Steve, 41, is the Acting Chief Investigator at the Specialist Investigation Unit of the Office of Environment and Heritage in New South Wales. He was extremely impressed with his visit to the NWCU in Livingston. "The fact that they have a dedicated, intelligence cell, solely for wildlife crime is way ahead of the majority of jurisdictions around the world."

Nevin Hunter, head of the National Wildlife Crime Unit, said:

"Meeting Steve was very useful. Listening to him and the challenges he faces reiterated how far we have come over recent years with partnership working, to address wildlife crime in Scotland. It is great to think that learning from our experiences Steve can positively impact on wildlife crime in his part of the world."

Whilst at SASA, Steve learnt about their forensic and DNA work from Dr Lucy Webster and Elizabeth Sharp. He commented that a dedicated forensic scientist would be of real benefit in Australia. During his visit to TRACE Wildlife Forensic Networks, he met with one of the Directors, Dr Rob Ogden. TRACE promotes the use of forensic science in the investigation of wildlife crime, and the modern techniques available to assist law enforcement. Steve is part of a group that is establishing a similar network in Australia and found the advice from Rob to be invaluable. 

Steven JamesSteve’s trip ended with a visit to Loch Lomond & Trossachs National Park where he spent time with PC Paul Barr. Steve has responsibility for National Parks in New South Wales and found that they experienced similar issues such damage to infrastructure, fires, and litter. Keen to get out of the office and onto the Loch, he said: "This area is truly beautiful, and like Australia, it makes you wonder why people want to ruin it."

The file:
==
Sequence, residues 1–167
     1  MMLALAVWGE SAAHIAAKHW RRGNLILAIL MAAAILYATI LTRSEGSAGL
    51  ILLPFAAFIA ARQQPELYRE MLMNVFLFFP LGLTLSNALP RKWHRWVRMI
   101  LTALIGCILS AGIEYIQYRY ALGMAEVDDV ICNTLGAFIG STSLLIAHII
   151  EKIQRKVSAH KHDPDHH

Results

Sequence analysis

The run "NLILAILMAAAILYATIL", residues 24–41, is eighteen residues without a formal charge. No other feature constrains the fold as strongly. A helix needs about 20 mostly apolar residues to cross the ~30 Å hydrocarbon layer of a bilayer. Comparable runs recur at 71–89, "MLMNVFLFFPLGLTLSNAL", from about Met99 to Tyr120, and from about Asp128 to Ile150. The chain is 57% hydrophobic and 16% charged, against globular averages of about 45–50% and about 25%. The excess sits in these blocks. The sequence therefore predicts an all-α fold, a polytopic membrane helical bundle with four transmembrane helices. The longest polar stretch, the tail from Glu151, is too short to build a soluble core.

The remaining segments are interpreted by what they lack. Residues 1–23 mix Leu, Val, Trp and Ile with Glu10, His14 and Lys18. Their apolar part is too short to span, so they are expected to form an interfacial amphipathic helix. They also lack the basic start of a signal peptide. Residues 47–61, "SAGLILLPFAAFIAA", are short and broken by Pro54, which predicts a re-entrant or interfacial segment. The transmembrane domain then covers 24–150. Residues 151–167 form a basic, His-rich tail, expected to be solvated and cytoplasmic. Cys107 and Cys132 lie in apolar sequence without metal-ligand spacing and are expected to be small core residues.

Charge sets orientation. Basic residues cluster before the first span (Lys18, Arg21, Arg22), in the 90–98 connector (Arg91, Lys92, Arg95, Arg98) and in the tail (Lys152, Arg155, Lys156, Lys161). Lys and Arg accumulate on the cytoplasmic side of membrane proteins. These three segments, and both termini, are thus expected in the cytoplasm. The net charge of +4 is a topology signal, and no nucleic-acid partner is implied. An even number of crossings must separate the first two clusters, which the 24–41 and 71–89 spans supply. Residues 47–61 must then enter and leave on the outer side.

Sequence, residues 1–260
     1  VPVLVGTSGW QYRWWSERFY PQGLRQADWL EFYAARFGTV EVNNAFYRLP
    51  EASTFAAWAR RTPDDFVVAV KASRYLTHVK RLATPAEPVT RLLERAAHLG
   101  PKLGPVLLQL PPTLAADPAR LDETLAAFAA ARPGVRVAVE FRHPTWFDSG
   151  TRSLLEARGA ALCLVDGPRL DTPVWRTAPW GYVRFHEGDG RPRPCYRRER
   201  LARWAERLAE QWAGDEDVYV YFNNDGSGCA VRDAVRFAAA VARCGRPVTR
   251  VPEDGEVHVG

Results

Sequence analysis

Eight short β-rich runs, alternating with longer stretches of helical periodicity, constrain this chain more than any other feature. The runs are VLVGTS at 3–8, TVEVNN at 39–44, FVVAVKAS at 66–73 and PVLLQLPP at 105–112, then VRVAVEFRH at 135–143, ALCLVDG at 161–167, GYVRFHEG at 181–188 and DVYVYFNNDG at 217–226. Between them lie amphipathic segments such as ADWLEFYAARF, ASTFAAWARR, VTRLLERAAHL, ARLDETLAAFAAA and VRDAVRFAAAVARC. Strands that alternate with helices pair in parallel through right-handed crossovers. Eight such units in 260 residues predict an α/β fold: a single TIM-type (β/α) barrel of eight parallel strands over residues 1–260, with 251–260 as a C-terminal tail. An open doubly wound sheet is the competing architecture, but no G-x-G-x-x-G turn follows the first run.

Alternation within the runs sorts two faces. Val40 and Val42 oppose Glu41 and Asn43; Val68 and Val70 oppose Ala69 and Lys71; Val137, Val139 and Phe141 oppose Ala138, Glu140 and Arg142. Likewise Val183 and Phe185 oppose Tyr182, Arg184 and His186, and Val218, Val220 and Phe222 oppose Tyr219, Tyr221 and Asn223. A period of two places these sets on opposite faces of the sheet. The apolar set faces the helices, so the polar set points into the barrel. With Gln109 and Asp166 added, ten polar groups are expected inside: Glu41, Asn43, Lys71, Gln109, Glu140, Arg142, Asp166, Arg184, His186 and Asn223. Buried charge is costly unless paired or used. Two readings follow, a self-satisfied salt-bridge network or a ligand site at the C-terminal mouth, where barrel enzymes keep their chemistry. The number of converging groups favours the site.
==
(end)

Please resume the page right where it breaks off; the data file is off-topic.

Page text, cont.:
His trip was sponsored by the Winston Churchill Memorial Trust which awards Fellowships for Australians to travel overseas to conduct research in their chosen field that is not readily available in Australia. After his trip to Scotland, Steve’s next destination is the USA to see the work of the U.S. Fish and Wildlife Service. He has also visited Interpol in Paris, France.


25 May 2012

First RSPB Birdfair in Scotland

The first ever RSPB Birdfair north of the border was held in the grounds of Hopetoun House the weekend of the 19-20th May 2012. The weather finally warmed up a little and there was no rain, no doubt encouraging more to venture out.  Visitors numbered around 4000 over the course of the weekend.

The aim of the event is to showcase Scotland’s birds and wildlife and raise awareness of them with the Scottish general public, whilst also giving bird enthusiasts a chance to hear talks from wildlife experts and browse the latest optics on the market.Minister at bird fair 2012

The PAW caravan was on site all weekend, manned by Lothian & Borders and Fife Police wildlife crime officers. There was steady footfall to the caravan and good feedback was received about our presence at the show and the pocket sized “How to Report a Wildlife Crime” cards.

The Minister for Environment and Climate Change and PAW Chair Stewart Stevenson, made an informal visit to the show and was accompanied by RSPB Director Stuart Housden.

Stuart Housden said: “The inaugural Scottish Birdfair showcased Scotland’s unique natural environment, our birds and wildlife, and the great work done by wildlife charities and volunteers up and down the country.  We were delighted to have the Minister attend as well. It’s important we all Bird Ringing Jerry Wilson 2012continue to work hard to protect Scotland’s special places and wildlife and we are pleased to be part of the Partnership for Action Against Wildlife Crime.  We hope to see support for conservation and care for the environment continue to grow, and tourism in this sector develop sustainably in the years ahead.”

 The Minister said “I thoroughly enjoyed my visit to the Birdfair and found it both interesting and informative. Getting up close to the birds which had been ringed was also a delightful opportunity not often available. It was also interesting to hear first hand about the economic benefits of wildlife tourism from countries as far afield as India and the USA. I hope to see the Birdfair going from strength to strength.”